Year marked with record number of new laws – Duma Speaker
Summing up the results of 2010, the United Russia party chairman noted that it was not about achieving a record in passing bills.
“That is the pace that the country needs on the stage of the post-crisis development. Many social and economic issues required additional legislative regulation,” Gryzlov said. Moving in such high gear became possible thanks to constructive co-operation within the government that is headed by the leader of the majority party, Vladimir Putin.
The fact that laws were passed does not mean that deputies will now relax and stop paying attention to one or another issue. According to Gryzlov, “working groups have been set up to monitor [the implementation] of some bills.”
The lower chamber speaker outlined the priority directions that legislators focused on in 2010. Among them were security, social policy, modernization, and the development of political and party systems.
“We have fulfilled initiatives set in the 2009 Presidential Address [to the Federal Assembly] and have taken to fulfilling tasks voiced in 2010 Address,” Gryzlov said.
Care for the future generation was the core motif of Medvedev’s annual address to the parliament. The president named forming an efficient and modern policy towards children “task number one”. And that means quite a bit of work ahead for Russian legislators.
Gryzlov recalled that in autumn the State Duma passed the presidential bill banning persons previously convicted of pedophilia from working with children. Also, a law that is supposed to protect kids from information harming their health and development has been passed.
“Indeed, next year such legislation will be intensified. Initiatives voiced in the presidential address alone suppose an adoption of a whole range of laws. And such laws will be submitted during next [State Duma] session,” the speaker pointed out.
The United Russia faction also has ideas on how to improve the policy on children in the country. For instance, back in May, the ruling party came up with a project named “Kindergartens – for kids”.
The point of the program is to return to children buildings that had previously been used as kindergartens, but were then occupied by commercial companies. As a result of such a short-sighted approach of previous years, there is a lack of nursery schools. For the country that sees improving of its demographic policy as one of key priorities, this is a real headache: many families can simply not afford to have children unless they can be sure their offspring will be guaranteed a place in childcare.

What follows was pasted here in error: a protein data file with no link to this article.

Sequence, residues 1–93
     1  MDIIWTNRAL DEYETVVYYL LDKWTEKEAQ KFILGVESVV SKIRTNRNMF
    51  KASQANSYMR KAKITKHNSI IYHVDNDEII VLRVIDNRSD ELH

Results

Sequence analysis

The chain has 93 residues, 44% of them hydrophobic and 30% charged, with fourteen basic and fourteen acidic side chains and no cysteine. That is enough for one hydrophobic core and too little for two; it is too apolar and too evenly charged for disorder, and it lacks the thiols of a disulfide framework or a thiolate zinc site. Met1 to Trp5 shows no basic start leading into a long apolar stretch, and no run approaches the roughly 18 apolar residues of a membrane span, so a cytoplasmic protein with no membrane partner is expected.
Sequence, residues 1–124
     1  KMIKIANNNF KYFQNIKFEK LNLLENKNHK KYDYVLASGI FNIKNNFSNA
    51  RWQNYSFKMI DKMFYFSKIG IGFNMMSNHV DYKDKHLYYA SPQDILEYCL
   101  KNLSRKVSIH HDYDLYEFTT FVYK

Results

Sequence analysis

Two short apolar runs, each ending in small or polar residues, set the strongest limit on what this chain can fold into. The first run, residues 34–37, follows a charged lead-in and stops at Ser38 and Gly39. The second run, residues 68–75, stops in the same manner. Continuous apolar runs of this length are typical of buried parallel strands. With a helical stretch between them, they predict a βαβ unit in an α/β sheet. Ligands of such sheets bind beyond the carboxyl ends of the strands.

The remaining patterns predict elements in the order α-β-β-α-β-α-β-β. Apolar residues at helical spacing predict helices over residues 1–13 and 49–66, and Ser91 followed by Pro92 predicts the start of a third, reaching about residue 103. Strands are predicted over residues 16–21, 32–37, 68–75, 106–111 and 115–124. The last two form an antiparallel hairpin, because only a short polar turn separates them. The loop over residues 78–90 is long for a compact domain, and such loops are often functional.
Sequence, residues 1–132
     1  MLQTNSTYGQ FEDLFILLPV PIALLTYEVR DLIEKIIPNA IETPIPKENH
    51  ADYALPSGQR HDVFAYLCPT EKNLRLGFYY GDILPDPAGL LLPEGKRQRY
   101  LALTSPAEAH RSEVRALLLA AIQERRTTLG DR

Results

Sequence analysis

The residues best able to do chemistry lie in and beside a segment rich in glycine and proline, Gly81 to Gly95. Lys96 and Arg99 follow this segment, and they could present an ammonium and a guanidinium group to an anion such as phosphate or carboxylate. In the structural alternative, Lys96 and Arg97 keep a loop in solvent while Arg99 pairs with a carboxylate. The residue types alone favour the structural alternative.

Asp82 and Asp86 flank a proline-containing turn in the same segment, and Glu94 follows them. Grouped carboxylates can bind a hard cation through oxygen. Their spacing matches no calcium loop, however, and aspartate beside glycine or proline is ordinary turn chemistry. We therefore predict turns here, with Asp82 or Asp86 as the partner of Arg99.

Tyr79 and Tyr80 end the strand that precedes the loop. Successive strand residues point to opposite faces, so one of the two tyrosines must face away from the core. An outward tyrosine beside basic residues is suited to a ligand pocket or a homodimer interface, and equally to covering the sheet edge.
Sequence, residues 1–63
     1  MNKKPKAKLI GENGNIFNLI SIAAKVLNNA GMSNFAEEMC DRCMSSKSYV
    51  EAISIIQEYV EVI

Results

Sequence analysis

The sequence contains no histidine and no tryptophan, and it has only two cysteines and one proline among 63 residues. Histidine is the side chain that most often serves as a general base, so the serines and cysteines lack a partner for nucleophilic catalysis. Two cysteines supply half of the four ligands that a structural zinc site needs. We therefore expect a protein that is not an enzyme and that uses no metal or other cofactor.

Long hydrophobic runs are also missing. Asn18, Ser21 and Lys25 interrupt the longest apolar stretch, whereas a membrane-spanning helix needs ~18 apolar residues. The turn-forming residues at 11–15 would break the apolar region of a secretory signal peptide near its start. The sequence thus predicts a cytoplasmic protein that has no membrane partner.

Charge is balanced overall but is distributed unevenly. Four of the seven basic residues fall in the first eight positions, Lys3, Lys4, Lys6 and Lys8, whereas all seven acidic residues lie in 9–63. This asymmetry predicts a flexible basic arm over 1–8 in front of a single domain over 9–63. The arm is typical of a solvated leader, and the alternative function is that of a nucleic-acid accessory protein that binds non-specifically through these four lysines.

“Certain results have already been achieved in 60 regions,” Gryzlov said. “We will keep creating favorable conditions for private and family kindergartens.”
During the spring session, the State Duma is also expected to consider in the second reading the new Law on Police. On December 10, after months of the first-ever nationwide debate on the matter, the lower house passed in the first reading the Kremlin bill aimed at creating a modern and efficient police force.
“The second reading of the bill is held to discuss amendments, while the main concept of the bill is approved in the first reading,” Gryzlov explained.
The ruling party chairman observed that the idea of launching a wide public discussion of new bills proved to be a success and such experience will be used in the future. Next in line is a new law on education. The bill is currently open for a discussion at a specially created website where Internet users can have their say.
“We need a new fundamental law that would not allow education sink in either minor or major problems,” Boris Gryzlov said. “We are building an innovative economy. And innovations require a high level of education. We should pay more attention to subjects that will help preserve our culture and history and, at the same time, to subjects that prepare [children] for a life in the new economy.”
Yet another burning issue for the entire country, roads and traffic are also on the agenda for 2011. According to Gryzlov, United Russia is currently working on several projects that should improve the situation. One of these, “New roads of United Russia”, is aimed at building new and reconstructing old roads.
The country’s leadership is on the verge of really busy season – the parliamentary election in 2011 and presidential vote in 2012. It is time for politicians to make new ambitious promises and for the citizens to evaluate which of those previously made have actually been fulfilled.